Last night in the very hot and steamy Projective Space in New York City, Spark Capital’s Bijan Sabet sat down with PandoDaily founder and editor-in-chief Sarah Lacy for a chat that revealed just how concerned the prominent venture capitalist is about the effects certain laws may have on the ability for the East Coast tech scene to thrive.
The almost two-hour discussion covered a wide array of topics, ranging from the geographic (San Francisco/New York/Boston) to wins and losses in Spark’s portfolio to more serious tech industry topics like Silicon Valley wage-fixing. However, one of the more interesting moments of the night came when Sabet discussed how noncompetes hamper innovation in the Northeast, and, quite possibly, the emergence of a truly robust tech corridor between New York and Boston.
When Lacy asked Sabet (who has been outspoken about noncompetes, even speaking at one of the recent legislative hearings on the topic) if noncompetes are the reason for what she called the “chilling effect” of the Boston tech scene, he said it is one of the biggest factors among a few.
“We have this thing in New York and Massachusetts that you don’t have in California,” Sabet said.
“You have one generation that energizes or inspires the next generation, and there’s domain expertise, and learning, and an exchange of ideas, and that level of open information. When you cut it off, you remove all that.”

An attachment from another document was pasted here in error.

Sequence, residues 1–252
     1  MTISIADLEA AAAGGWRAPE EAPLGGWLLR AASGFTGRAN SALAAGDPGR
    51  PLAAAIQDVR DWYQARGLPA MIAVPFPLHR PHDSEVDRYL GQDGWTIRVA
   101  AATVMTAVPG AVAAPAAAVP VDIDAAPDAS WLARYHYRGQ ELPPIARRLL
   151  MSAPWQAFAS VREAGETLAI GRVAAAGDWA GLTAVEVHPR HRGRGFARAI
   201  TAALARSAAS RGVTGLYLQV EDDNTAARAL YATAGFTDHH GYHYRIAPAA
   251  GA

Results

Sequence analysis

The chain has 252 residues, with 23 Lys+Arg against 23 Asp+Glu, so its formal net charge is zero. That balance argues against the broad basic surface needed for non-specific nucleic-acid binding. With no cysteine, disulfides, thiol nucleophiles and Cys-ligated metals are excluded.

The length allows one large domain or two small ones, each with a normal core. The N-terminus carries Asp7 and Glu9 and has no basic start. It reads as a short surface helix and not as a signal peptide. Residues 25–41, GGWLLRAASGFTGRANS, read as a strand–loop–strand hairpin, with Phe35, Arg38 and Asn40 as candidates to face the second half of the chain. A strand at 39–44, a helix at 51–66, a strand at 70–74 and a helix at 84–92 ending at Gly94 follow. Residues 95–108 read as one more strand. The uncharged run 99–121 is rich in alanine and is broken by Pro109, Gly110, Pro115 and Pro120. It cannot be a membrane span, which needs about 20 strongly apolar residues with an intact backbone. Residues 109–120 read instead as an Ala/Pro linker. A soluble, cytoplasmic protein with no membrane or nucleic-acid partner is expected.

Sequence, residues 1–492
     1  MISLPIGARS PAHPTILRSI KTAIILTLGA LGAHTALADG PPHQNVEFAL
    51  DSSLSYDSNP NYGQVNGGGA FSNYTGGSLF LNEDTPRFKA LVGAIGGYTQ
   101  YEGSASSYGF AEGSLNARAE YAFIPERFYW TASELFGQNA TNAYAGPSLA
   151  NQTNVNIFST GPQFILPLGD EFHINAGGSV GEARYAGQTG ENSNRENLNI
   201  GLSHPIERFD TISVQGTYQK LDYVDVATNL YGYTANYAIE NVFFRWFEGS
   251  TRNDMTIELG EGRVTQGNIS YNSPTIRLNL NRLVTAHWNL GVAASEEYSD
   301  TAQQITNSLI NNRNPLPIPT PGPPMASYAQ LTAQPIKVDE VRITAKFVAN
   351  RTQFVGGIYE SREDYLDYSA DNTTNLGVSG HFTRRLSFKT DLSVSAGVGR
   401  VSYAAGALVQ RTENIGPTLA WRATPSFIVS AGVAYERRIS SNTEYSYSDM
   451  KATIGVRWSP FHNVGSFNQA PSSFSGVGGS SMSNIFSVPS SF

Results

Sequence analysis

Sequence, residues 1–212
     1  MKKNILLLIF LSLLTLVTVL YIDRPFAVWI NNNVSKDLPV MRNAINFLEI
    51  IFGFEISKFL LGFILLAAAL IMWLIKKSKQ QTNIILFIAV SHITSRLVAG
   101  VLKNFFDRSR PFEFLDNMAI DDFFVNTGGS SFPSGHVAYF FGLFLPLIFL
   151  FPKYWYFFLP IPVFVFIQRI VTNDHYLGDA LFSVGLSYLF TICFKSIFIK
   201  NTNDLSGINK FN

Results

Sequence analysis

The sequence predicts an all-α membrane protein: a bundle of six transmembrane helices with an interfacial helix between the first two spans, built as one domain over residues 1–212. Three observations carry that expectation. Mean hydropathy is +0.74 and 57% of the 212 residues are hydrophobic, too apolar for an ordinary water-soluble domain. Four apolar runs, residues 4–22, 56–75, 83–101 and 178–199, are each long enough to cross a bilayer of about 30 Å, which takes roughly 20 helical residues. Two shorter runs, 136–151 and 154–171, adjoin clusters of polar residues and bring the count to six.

Which is what Sabet thinks noncompetes are doing in Massachusetts.
“There should be five Akamai competitors in Boston, and there are zero. There should have been a half a dozen Lotus competitors,” he said. He went on to point out the lack of competition (and, the corresponding lack of innovation) for companies like Avid and Nuance, and added, “There are virtually zero companies that compete with EMC.”
“So we don’t have this next-generation thing.”
(Sabet is not alone with this line of thinking. Yesterday afternoon, Rob Go of NextView Venture mentioned a similar issue to me, calling it the lack of “Me Too” companies.)
To that point, Sabet revealed that Spark has told its portfolio companies to abolish noncompetes for its founders and employees, and has done so since 2008. The company had backed a legislative effort to ban noncompetes in Massachusetts as far back as 2009 (which obviously failed).
Another attempt to get rid of noncompetes has been underway in recent months, and area venture capital firms have been among the most vocal about banning the clauses. But that effort appears likely to result in a compromise rather than a full ban, suggesting to some that Massachusetts will continue to lose tech talent to California.
A video that includes part of Sabet’s answer can be found here.